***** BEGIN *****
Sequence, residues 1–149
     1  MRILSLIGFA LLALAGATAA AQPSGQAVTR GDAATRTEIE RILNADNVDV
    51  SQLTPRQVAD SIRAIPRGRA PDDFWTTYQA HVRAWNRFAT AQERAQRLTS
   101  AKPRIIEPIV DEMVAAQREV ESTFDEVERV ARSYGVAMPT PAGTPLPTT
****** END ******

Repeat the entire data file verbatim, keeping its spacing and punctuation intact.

Sequence, residues 1–149
     1  MRILSLIGFA LLALAGATAA AQPSGQAVTR GDAATRTEIE RILNADNVDV
    51  SQLTPRQVAD SIRAIPRGRA PDDFWTTYQA HVRAWNRFAT AQERAQRLTS
   101  AKPRIIEPIV DEMVAAQREV ESTFDEVERV ARSYGVAMPT PAGTPLPTT